Can you think of one technical skill that every person should know how to do?

Lehet: Learn to read a ruler! It’s important.

Erick was awarded the 2016 C. Thomas Olivo Outstanding Service Award by NOCTI, the  nation’s largest provider of industry partner certifications and industry-based credentials for  career and  technical education programs. This is a national honor recognizing his dedication and commitment to CTE.

MN FutureWork Series Eleven

Minnesota FutureWork is a collection of articles highlighting current trends and news that impacts industry, the economy, and careers. These articles originate from various media journals throughout the country.

Is There a Gender Wage Growth Gap?
By Ellyn Terry
Federal Reserve Bank of Atlanta
November 14, 2016

Turning qualifications into jobs
The Economist
January 12, 2017

How tech is changing teaching, learning
By Aaron Frey
January 19, 2016
Community College Times

What does the future of jobs look like? This is what experts think
By Alex Gray
January 27, 2017

Wanted: Factory Workers, Degree Required
By Jeffrey J. Selingo
New York Times
January 30, 2017

6 Critical Skills for Tomorrow’s Workplace
By Ira Wolfe, President
Success Performance Solutions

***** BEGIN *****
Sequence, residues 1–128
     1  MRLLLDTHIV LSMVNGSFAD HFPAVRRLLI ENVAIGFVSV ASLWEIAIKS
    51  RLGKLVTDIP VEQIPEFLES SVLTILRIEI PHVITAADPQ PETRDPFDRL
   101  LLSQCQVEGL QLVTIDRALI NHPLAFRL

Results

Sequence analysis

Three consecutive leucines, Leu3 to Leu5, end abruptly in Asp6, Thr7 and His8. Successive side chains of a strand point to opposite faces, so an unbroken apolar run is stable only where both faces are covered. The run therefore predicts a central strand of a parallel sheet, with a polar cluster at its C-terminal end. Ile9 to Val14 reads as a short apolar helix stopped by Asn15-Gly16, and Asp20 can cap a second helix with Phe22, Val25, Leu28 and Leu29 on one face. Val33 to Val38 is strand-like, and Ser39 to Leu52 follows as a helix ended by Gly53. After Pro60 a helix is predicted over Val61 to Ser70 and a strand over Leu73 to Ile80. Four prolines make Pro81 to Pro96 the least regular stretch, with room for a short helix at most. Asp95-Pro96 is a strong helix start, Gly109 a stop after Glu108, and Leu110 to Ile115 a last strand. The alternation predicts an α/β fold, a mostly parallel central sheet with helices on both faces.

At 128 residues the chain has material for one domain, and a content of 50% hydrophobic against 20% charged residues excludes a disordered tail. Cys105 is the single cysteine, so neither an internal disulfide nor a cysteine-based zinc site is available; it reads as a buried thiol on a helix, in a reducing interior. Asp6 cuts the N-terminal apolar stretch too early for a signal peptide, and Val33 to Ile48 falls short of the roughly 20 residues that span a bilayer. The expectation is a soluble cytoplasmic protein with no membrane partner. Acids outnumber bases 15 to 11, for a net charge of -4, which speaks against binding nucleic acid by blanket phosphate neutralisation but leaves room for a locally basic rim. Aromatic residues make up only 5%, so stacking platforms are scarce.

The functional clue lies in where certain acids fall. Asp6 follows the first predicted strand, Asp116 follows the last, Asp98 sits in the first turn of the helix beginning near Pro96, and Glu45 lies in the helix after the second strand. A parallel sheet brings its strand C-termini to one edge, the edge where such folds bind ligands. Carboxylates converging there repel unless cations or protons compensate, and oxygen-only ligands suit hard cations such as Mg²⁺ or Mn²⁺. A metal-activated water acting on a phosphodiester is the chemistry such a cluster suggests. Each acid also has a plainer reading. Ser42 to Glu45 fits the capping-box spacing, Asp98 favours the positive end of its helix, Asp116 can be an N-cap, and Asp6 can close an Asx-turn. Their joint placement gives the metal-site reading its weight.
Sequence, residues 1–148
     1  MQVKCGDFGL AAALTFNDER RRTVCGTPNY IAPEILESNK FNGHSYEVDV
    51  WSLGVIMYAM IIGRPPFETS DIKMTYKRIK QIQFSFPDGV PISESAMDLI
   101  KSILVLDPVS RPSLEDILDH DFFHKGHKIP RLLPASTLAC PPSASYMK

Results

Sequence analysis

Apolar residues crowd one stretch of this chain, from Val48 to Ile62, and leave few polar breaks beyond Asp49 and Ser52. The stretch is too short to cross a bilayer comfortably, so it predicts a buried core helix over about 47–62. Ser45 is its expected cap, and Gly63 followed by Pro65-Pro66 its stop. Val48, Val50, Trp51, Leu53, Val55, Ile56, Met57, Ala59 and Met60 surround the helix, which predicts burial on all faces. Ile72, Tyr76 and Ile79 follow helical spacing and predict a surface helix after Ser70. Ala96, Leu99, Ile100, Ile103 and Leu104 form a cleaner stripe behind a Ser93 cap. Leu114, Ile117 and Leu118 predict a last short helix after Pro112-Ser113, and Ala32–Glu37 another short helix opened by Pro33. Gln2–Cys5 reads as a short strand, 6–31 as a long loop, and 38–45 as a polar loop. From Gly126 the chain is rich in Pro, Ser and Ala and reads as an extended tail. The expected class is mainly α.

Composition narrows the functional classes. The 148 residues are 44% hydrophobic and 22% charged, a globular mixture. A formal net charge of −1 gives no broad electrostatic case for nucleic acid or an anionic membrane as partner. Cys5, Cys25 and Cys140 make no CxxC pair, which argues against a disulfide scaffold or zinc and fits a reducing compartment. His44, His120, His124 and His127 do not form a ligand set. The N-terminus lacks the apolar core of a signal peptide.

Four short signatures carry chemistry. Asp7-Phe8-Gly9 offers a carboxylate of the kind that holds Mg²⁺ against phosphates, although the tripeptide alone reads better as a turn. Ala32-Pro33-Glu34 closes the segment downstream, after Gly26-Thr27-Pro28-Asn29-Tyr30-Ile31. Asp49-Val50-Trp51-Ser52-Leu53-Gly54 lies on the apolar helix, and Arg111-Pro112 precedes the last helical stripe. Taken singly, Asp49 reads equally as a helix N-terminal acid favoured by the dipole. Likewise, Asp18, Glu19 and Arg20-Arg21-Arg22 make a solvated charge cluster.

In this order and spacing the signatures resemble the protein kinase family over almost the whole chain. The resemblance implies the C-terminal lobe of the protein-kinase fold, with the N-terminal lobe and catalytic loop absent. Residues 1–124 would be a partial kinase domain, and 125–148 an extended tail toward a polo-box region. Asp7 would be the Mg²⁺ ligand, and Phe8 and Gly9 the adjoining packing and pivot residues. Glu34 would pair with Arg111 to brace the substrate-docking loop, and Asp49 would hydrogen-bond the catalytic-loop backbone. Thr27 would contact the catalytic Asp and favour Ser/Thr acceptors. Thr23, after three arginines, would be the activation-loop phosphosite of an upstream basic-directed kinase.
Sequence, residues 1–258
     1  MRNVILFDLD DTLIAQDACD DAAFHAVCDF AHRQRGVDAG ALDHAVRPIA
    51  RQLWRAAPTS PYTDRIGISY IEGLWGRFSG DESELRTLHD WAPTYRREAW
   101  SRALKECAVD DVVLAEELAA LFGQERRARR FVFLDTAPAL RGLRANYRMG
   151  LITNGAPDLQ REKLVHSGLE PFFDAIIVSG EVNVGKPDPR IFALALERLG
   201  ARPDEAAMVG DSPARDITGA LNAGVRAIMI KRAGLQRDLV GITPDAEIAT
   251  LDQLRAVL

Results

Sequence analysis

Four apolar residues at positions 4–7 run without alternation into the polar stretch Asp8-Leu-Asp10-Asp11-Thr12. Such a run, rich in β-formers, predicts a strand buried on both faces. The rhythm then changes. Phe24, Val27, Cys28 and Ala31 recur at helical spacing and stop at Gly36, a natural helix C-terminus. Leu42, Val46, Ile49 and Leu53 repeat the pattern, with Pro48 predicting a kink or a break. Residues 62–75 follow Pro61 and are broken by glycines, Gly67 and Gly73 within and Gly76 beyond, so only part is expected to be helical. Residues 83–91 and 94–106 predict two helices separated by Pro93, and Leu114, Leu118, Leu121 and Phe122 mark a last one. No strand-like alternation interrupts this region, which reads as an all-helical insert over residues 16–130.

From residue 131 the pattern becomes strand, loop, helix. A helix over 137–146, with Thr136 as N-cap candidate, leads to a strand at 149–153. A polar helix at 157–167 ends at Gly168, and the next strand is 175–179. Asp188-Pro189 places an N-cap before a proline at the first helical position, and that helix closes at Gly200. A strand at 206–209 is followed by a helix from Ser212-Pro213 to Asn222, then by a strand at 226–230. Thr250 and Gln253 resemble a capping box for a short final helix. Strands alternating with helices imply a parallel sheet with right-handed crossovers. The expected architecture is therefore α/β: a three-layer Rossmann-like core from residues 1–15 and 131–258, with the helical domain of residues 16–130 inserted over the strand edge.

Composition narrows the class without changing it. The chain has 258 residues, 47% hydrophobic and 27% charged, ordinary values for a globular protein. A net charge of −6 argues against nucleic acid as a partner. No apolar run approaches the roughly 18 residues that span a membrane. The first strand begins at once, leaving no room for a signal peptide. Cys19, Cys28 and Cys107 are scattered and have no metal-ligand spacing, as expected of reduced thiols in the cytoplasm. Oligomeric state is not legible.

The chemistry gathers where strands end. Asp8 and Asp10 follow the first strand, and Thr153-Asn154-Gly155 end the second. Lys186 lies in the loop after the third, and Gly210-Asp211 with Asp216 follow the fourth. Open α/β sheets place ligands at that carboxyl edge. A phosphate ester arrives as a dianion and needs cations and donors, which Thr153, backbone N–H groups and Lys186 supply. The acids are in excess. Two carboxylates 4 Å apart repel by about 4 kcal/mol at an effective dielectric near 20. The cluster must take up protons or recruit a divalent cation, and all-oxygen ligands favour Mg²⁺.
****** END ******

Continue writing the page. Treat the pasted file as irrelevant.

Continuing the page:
January 31, 2017

The Most Exciting Medical Technologies of 2017
By Bertalan Mesko´
The Medical Futurist

MN FutureWork Series Ten

Minnesota FutureWork is a collection of articles highlighting current trends and news that impacts industry, the economy, and careers. These articles originate from various media journals throughout the country.

Educational Needs of the Workforce
By Steve Hine and Matt Bombyk
Minnesota Department of Employment and Economic Development
December 2016

The answer to America’s working class job crisis is hard, but not mysterious
By Simon Montlake
Christian Science Monitor
December 14. 2016

New Gig Economy Will Force Employers to Strengthen Screening of Growing On Demand Workforce
By Thomas Ahearn
ESR News
December 21, 2016

As more Americans retire, we must educate a new generation of leaders by making higher education affordable
By Anthony Benoit
Hechinger Report
December 27, 2016

STEM occupations: past, present, and future
By Stella Fayer, Alan Lacey, and Audrey Watson
U.S. Bureau of Labor Statistics (BLS)
January 2017

Pay gap between college grads and everyone else at a record
By Christopher S. Rugaber
The Associated Press
January 12, 2017

Hot Jobs for 2017 – By Industry
By Karsten Strauss ,
January 25, 2017

Danny Sertich is a Young Entrepreneur With Big Dreams

Millennials are taking charge of their future very early on and they’re being exposed to this through unique student organizations helping students connect their academic learning with real-world experiences. We spent time with one young entrepreneur to learn about his business venture and how he got started.

Tell us who you are and what you do.

I am Danny Sertich, Minnesota DECA’s Vice-President of Communications and entrepreneur. As a state officer for Minnesota DECA, I represent 4,700 members. I also have the task of running our State Career Development Conference with the other officers and staff.